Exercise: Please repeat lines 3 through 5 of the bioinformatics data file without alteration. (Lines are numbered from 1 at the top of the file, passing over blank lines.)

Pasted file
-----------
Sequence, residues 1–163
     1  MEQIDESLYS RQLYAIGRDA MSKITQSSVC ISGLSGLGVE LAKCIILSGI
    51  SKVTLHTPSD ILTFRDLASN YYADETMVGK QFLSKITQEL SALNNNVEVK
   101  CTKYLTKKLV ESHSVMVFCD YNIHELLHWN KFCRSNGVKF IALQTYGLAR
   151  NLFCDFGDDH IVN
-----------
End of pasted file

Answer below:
    51  SKVTLHTPSD ILTFRDLASN YYADETMVGK QFLSKITQEL SALNNNVEVK
   101  CTKYLTKKLV ESHSVMVFCD YNIHELLHWN KFCRSNGVKF IALQTYGLAR
   151  NLFCDFGDDH IVN